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Where to begin? Planning for your Autistic Child’s Transition to Adulthood

Where to begin? Planning for your Autistic Child’s Transition to Adulthood

The transition from school to adulthood is a pivotal time in the lives of all students. For an autistic student, change of any kind can be challenging, and a transition as momentous as this can seem especially daunting.

As a parent of an autistic young adult, you have already accomplished a lot, from coping with the diagnosis to addressing all the challenges you may have faced over your child’s school years. And you will continue to play a large role in the transition-related self-discovery and planning process for your autistic young adult. Thoughtful planning, sound information, and open communication will help you support your young adult and their transition team to create a solid transition plan that leads to success.

Start small but think big! Before you begin the actual paperwork and planning with your young adult’s school and IEP team to implement the transition plan, you can start planning on your own to lay a foundation for the entire process. This article outlines a three-step process to:

  1. Facilitate thinking and brainstorming about your young adult’s future (Assessment)
  2. Begin planning future goals (Goal Writing)
  3. Understand realistic challenges to these plans (Anticipating Obstacles)
Step 1 – Assessment

As you begin the transition planning process, think about the “big picture” of your young adult’s future:

  • What do you want your child’s life to look like 5 years, 10 years, or 20 years from now?
  • What do you NOT want your child’s life to look like in 5 years, 10 years, or 20 years from now?
  • What will your child need in order to achieve the desired goals and avoid the undesired outcomes?

As a parent of an autistic child, you may have struggled to adjust your expectations for the future you once dreamed of for your child. Realistic, concrete goals and expectations are the foundation of a successful transition plan. It is important not only to set progressive goals that your child can reach, but also to challenge your child to grow. Leave room to be pleasantly surprised by all that they can achieve through this process! Transition doesn’t only apply to your loved one. It also applies to you – the parent. Parents have to be ready to allow their loved one to grow and learn through experiences, failures, and successes.

Throughout your transition planning, the concept of future quality of life is central. “Quality of life” basically refers to how satisfied your child feels about their education, work, recreation, spiritual life, social connections, community living, health, and emotional well-being. You may not have specific ideas about all of these areas, but you can start imagining what you would like for your young adult and what they would like for themselves as they transition out of high school. At different times in this process, you will begin to find connections among all of these areas and start to identify realistic and attainable goals.

Although quality of life is often as much about the process as it is about the product, neither process nor product should be compromised as part of transition planning. Once you have this broad vision in mind, start brainstorming about some of the specifics, such as personal interests, strengths and challenges, past learning history, and the supports that will be necessary for your child along the way.

Step 2 – Writing Overarching Goals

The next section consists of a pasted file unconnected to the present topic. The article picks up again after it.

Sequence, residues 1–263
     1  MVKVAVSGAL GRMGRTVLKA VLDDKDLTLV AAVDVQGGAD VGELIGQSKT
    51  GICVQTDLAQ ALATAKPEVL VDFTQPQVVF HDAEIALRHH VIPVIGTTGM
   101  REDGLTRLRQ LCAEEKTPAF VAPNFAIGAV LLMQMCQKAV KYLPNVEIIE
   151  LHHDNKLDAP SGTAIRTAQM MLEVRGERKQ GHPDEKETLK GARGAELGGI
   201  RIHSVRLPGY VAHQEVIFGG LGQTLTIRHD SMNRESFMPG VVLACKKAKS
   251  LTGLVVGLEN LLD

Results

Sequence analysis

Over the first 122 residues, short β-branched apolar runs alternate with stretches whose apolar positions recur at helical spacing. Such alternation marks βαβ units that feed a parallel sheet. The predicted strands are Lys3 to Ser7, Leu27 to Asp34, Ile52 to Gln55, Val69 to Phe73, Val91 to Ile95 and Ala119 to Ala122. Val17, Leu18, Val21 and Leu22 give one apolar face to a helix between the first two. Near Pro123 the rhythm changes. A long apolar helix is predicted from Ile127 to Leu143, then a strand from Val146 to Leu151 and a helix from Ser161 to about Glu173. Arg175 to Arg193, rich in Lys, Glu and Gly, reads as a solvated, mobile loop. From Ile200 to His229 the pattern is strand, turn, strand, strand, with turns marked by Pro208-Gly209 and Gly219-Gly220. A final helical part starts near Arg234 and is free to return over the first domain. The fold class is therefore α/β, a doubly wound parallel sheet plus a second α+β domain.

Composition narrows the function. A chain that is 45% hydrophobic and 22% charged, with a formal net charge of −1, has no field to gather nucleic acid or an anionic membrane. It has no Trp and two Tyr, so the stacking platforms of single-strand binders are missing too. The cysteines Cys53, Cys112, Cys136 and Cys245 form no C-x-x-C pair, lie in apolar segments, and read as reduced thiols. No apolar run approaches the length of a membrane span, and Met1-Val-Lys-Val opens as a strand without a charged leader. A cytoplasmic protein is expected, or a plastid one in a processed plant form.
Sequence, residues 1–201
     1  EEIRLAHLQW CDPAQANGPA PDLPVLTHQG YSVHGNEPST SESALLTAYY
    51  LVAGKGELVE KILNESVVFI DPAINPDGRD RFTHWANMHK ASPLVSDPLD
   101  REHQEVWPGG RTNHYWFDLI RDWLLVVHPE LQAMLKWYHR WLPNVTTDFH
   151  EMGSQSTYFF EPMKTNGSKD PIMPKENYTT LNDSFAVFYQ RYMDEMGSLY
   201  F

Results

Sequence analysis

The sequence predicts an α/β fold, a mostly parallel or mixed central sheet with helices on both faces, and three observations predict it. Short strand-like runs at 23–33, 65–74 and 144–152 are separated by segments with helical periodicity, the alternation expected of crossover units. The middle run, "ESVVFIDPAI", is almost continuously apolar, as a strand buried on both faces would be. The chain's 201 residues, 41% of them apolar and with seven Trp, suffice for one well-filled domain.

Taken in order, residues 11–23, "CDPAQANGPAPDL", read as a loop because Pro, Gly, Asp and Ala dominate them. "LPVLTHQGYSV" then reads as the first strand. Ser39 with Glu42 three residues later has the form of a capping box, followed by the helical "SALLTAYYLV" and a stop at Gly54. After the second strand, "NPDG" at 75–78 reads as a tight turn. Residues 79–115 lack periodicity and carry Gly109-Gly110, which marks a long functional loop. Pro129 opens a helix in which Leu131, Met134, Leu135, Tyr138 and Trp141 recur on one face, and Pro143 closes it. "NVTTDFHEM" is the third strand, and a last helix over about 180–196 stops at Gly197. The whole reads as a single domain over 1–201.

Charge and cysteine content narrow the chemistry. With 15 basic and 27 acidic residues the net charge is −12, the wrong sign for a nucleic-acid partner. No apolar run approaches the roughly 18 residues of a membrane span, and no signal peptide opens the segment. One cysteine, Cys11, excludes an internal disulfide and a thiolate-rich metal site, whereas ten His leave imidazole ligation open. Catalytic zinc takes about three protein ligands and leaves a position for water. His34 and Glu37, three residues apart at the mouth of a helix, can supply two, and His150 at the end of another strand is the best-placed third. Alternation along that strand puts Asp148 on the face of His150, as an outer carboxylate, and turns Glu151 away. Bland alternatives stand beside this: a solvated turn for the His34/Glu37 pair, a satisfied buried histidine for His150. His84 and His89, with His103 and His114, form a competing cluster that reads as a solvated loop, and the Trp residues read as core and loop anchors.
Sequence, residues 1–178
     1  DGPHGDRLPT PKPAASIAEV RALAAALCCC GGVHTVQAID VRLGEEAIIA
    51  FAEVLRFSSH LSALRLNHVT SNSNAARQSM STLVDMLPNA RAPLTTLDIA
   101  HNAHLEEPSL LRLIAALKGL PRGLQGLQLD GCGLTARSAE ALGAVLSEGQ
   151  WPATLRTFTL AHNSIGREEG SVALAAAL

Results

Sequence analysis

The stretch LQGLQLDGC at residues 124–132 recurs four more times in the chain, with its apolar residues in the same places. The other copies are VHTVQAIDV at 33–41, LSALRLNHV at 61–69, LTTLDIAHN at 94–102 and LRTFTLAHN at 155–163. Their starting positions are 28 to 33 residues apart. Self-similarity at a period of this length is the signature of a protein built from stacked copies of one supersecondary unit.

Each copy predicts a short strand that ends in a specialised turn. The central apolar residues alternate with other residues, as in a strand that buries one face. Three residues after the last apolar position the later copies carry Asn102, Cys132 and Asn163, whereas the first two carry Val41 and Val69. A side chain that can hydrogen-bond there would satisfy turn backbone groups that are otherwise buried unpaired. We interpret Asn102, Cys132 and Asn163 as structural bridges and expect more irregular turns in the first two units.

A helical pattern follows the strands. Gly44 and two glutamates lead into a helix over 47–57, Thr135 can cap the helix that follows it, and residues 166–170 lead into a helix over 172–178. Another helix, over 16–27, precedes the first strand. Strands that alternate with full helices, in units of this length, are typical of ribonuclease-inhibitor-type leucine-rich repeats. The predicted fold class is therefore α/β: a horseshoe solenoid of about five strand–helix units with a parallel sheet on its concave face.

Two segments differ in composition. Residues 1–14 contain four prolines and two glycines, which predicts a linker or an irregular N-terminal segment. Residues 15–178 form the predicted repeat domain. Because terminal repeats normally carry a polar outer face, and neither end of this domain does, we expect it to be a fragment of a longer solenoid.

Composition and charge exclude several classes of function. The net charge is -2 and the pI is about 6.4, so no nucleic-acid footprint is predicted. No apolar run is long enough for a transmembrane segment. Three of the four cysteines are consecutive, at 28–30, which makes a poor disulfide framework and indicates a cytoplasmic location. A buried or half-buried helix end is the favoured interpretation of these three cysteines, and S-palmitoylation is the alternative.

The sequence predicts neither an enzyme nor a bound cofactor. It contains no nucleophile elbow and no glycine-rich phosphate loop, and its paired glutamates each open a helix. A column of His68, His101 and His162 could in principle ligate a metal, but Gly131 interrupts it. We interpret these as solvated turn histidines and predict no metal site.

Later in the transition process, you will be asked to help determine – and write down – specific objectives you want your young adult to achieve. But now is the time to think of the broad, overarching goals that reflect the future you want for your young adult. You can think of this as a mission statement for the transition you envision.

Examples of overarching goals:

  • My child will be able to live independently.
  • My child will be comfortable and safe in a supported living situation.
  • My child will have two or three close relationships.
  • My child will contribute to the community.
  • My child will find satisfaction in several of their daily activities.

Overarching goals should build from the information you gathered in your assessment, regarding quality of life, personal interests, strengths and challenges, and past experience.

Step 3 – Anticipating Obstacles

Most goals are not meant to be easy to accomplish and meet in a short amount of time. But goals can be broken into smaller steps that can gradually be achieved, one at a time.

As you think of the skills, lessons, materials, and information you and your young adult need in order to move through the transition process successfully, obstacles may present themselves. For instance, as you created the list of goals for your young adult, did you think of any skills that they may need to be successful? Or resources that will help them accomplish these skills? Lack of any key “ingredient” may delay, if not stall, the transition process. So, if certain skills need development, such as effective communication, toileting, table manners, cell phone use, or personal hygiene, now is the time to create a strategy to develop them.

Obstacles may appear along the way, but you are building a solid plan that can be revised and modified to accommodate the changing needs, desires, and skills of your young adult.

Want more tips for your autistic child’s transition to adulthood? Download or order a free copy of Life Journey Through Autism: A Guide for Transition to Adulthood.

This post was adapted from Life Journey Through Autism: A Guide for Transition to Adulthood. Click here to check out this resource.

The post Where to begin? Planning for your Autistic Child’s Transition to Adulthood first appeared on Organization for Autism Research.

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